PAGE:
I have just listened to a 'Squiggly Careers' podcast/interactive presentation in which they were talking about how to approach a task/project from scratch AKA Blank Page Syndrome. They were asking people how this situation made them feel and they got a very wide range of answers varying from
Love it! Excited!!
It made me think of the classroom.
Everyday and multiple times a day at that, children are faced with this scenario and feel many emotional reactions to it in the same way. The presentation by Squiggly Careers highlighted to me that this situation is one that we will come back to throughout our lives so it would be helpful to learn how to navigate it.
My go to is always a Mindmap to dump down my first thoughts - it's a technique I use all the time in the classroom so that children see this modelled continually. My books also reflect the idea of the mindmap and the idea of thoughts (just look at the covers of all my books to see this theme in action).
When you are in charge of several little people learning, it is a real challenge to manage the different way in which children will approach this situation. We need them to develop their own resiliency in response to it, particularly if they start to feel worried.
A big part of the jigsaw is Mindset. If you are able to see the excitement of a challenge rather than be scared by it, that is half the battle. This is not a quick fix. If we take away the expectation of something needing to be perfect and the idea that mistakes are OK and part of the learning process then we start to chip away at the fear because this is largely where the fear gets it's power. We are fearful that what we produce will be rubbish and that will be a judgement of us.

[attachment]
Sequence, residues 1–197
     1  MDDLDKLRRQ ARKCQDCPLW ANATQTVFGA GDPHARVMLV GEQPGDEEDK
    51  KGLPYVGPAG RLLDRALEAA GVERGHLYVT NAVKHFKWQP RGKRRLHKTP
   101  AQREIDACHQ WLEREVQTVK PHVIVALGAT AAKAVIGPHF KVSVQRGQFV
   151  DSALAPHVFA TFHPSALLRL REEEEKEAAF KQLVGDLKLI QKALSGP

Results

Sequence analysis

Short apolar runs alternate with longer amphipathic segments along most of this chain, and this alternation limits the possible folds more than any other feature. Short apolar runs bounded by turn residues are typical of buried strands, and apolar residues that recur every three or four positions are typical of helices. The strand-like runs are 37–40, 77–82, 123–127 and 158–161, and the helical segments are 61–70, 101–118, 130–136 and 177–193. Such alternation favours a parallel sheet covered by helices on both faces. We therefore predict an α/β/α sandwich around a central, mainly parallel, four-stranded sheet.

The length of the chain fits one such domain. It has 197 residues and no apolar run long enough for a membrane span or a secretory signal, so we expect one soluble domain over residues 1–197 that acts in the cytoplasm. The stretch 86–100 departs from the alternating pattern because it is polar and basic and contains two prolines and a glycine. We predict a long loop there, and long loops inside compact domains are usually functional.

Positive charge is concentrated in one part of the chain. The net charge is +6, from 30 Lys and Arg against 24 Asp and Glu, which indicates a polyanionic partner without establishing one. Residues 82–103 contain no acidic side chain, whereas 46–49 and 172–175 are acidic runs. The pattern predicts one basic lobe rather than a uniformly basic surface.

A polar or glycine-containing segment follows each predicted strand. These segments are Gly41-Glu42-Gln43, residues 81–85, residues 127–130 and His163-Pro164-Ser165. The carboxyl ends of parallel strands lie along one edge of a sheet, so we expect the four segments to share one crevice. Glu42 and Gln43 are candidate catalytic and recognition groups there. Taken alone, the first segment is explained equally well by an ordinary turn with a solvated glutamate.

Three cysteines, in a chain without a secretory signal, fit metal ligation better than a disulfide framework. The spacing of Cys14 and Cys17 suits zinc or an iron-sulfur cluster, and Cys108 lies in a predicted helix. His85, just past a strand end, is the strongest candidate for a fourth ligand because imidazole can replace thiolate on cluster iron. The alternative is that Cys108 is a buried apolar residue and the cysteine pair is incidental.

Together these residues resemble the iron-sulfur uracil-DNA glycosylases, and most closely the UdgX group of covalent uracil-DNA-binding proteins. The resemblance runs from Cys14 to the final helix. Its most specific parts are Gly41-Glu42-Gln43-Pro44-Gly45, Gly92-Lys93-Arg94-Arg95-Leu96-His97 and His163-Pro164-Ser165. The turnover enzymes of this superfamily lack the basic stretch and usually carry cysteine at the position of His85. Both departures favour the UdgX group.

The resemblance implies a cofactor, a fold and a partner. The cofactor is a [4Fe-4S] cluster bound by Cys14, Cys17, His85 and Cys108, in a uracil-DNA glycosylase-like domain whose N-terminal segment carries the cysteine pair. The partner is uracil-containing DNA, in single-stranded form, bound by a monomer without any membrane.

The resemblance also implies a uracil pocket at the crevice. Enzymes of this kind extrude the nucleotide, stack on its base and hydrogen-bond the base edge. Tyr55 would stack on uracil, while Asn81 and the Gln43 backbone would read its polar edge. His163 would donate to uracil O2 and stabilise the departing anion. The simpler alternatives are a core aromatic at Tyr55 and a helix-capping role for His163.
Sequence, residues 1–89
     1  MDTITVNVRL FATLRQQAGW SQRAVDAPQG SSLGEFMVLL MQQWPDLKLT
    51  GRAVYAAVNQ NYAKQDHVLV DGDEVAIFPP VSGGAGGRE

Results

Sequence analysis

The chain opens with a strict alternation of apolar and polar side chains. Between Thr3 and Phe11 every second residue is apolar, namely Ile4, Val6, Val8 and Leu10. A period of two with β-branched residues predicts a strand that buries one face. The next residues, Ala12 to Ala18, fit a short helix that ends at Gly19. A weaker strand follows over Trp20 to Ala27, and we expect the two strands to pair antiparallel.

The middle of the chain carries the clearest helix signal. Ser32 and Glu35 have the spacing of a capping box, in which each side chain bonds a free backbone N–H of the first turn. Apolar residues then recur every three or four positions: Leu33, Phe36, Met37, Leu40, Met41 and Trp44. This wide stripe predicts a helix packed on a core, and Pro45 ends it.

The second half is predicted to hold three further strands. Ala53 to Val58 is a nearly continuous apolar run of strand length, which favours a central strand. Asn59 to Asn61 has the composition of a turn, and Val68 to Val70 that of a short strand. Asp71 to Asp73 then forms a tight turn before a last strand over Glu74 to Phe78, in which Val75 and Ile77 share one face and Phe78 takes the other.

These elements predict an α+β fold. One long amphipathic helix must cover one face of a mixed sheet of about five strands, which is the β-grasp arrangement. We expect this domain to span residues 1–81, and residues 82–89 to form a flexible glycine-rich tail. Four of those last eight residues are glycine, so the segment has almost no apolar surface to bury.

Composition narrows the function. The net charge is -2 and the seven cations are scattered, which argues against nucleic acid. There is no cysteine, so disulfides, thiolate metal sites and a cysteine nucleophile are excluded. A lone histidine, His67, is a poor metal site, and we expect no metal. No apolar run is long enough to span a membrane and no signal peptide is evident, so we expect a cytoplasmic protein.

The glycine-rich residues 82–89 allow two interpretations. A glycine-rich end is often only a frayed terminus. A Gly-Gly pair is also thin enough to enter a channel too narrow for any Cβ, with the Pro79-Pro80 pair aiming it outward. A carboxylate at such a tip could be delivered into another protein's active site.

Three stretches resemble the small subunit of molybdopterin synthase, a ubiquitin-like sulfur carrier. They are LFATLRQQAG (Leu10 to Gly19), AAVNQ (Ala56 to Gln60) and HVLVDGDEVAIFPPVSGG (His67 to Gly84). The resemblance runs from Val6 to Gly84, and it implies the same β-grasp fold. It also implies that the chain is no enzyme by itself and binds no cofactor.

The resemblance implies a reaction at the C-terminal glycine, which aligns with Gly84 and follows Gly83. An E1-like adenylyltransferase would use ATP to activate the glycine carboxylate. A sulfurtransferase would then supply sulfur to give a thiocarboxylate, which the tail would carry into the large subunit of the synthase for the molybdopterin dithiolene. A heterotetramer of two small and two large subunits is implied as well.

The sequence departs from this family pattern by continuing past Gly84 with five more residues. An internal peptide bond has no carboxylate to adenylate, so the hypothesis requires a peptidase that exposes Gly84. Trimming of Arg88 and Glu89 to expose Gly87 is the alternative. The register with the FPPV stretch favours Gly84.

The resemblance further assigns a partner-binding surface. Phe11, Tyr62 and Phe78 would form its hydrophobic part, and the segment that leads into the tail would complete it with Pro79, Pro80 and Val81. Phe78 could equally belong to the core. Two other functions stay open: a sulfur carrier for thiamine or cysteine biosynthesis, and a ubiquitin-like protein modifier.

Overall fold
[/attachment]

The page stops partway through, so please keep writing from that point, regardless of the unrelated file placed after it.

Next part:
BUT THAT IS NOT TRUE.
When creating something new, from scratch, probably that you have never done before, you somehow need to find the courage just to get started. Knowing that we are allowed to get it wrong (as long as we are willing to learn from what went wrong) is important and expected. You need to create an environment that allows people (and in this case children) to feel that make mistakes is important.
That is the culture you are wanting to build around children.
Is that the message being wafted around your children? Sometimes it should be explicit, sometimes it's the undercurrent. Whatever it is, it should be there.
One of the things that was talked about in the presentation I was listening to was an acceptance that the first thing we produce is probably going to be rubbish. I don't think children always receive that message. Often, the expectation is (or at least appears to be) 'what we want from you is perfection.'
It is really worth considering how/when children are receiving this message. It is important to note that this is most often done inadvertently. Of course there are times when we want the outcome to be a 'best copy' (after we have worked on it) but this shouldn't be all the time and sometimes we just need to say that.
So, this post is about illustrating another reason why setting up a culture that explicitly values mistakes as part of the learning journey is so necessary when driving our children towards a growth mindset and actually would go a long way towards nurturing our own.